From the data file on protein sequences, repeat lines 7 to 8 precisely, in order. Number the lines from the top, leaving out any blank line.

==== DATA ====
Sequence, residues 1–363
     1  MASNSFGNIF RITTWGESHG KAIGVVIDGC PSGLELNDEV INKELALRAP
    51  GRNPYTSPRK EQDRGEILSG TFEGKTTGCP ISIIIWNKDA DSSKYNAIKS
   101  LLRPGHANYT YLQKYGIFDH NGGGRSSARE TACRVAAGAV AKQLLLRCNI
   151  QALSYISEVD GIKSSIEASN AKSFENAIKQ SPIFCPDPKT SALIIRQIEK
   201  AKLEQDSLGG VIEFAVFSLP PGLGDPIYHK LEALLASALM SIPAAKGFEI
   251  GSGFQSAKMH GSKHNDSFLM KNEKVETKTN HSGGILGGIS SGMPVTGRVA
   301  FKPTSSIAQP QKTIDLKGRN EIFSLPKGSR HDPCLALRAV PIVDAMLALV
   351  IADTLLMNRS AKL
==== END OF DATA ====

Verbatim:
   251  GSGFQSAKMH GSKHNDSFLM KNEKVETKTN HSGGILGGIS SGMPVTGRVA
   301  FKPTSSIAQP QKTIDLKGRN EIFSLPKGSR HDPCLALRAV PIVDAMLALV